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Battle Hymn of the Tiger Mother is a story about a mother, two daughters, and two dogs. It was supposed to be a story of how Chinese parents are better at raising kids than Western ones. But instead, it's about a bitter clash of cultures, a fleeting taste of glory, and how you can be humbled by a thirteen-year-old. Witty, entertaining and provocative, this is a unique and important book that will transform your perspective of parenting forever.
They Don't Like Me
Author: Jane Katch
Publisher: Beacon Press
ISBN: 0807023213
Pages: 133
Year: 2004-08-01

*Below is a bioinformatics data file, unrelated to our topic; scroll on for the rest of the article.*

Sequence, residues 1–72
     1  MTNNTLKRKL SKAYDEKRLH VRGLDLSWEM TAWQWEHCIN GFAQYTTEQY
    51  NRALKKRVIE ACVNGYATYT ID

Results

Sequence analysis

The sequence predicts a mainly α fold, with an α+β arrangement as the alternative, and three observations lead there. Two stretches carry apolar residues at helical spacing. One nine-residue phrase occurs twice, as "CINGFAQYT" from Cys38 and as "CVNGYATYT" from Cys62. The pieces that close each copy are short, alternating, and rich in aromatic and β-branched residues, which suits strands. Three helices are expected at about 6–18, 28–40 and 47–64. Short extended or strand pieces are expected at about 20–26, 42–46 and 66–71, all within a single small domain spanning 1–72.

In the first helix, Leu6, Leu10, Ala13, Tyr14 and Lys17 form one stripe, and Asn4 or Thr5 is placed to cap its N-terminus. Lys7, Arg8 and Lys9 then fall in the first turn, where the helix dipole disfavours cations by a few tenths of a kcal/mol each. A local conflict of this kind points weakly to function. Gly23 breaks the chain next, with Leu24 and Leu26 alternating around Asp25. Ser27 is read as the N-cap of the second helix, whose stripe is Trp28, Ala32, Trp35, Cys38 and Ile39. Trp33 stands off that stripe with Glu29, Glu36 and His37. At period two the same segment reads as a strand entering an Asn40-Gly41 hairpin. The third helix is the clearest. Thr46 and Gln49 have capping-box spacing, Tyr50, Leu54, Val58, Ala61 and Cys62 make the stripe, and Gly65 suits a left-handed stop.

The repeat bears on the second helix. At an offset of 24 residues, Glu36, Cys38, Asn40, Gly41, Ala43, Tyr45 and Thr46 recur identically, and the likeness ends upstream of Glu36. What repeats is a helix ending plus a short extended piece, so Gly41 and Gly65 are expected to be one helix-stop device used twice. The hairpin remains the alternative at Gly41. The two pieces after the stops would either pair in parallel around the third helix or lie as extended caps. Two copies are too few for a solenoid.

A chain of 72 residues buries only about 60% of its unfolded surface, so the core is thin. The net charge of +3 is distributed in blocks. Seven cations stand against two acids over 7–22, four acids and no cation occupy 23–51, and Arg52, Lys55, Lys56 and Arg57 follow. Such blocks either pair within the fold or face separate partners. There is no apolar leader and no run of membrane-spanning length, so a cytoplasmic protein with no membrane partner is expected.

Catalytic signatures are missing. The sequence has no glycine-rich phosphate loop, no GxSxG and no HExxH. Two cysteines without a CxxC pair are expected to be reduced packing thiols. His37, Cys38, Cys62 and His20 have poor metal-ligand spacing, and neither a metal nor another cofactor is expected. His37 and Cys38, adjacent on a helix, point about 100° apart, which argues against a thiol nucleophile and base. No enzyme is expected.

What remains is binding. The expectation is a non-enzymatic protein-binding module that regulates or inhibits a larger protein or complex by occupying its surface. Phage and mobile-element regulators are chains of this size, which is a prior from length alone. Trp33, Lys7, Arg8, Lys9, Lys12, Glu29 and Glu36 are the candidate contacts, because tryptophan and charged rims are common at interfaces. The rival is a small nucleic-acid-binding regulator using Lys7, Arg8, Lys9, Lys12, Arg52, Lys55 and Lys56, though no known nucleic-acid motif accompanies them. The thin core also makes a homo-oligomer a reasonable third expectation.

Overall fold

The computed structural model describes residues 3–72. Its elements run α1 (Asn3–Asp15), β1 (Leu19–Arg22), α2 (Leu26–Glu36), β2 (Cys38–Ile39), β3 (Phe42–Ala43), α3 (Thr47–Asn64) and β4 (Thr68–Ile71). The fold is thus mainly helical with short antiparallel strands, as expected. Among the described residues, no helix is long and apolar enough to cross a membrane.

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How we can teach children to fight the impulse to bully and give them the tools to resist bullying when it does occur Jane Katch is a master teacher and wonderfully astute observer of the four- and five-year-olds in her preschool classroom. In her new book she investigates why so many young children, who are only newly aware of the existence of the group, immediately try to cement their place in it by keeping others out. As she takes us into the world of her classroom and shows us how her kids act and react, she comes to new understandings of why some kids bully and scapegoat, how other kids get through the experience, and how she as a teacher might intervene to help all children. "If you want to understand the power dynamics of kids, if you want to know what teasing and bullying looks like in early elementary school, then you must read They Don"t Like Me." —Michael Thompson, coauthor of Best Friends, Worst Enemies "Jane Katch offers us a rare gift, the insider"s view of her remarkable classroom as she and her children struggle to understand what is fair and just in the explosive arena of those who intimidate and those who feel intimidated . . . A vivid and honest narrative." —Vivian Gussin Paley, author of You Can"t Say You Can"t Play